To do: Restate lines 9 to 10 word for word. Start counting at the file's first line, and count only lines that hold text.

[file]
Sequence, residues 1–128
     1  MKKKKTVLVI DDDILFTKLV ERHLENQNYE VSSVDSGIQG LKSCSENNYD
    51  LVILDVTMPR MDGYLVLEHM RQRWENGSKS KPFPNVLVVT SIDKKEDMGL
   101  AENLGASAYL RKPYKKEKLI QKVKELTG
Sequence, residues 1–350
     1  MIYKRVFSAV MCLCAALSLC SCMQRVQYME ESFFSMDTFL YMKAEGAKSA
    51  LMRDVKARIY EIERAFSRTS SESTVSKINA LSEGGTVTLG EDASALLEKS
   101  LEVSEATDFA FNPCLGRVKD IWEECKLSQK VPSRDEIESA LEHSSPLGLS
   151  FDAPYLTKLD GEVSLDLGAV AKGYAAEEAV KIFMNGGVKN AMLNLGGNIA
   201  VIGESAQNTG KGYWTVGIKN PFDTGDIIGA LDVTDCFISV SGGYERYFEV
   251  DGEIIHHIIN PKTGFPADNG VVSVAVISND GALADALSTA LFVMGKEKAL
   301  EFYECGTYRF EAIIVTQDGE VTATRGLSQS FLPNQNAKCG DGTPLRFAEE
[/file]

   151  FDAPYLTKLD GEVSLDLGAV AKGYAAEEAV KIFMNGGVKN AMLNLGGNIA
   201  VIGESAQNTG KGYWTVGIKN PFDTGDIIGA LDVTDCFISV SGGYERYFEV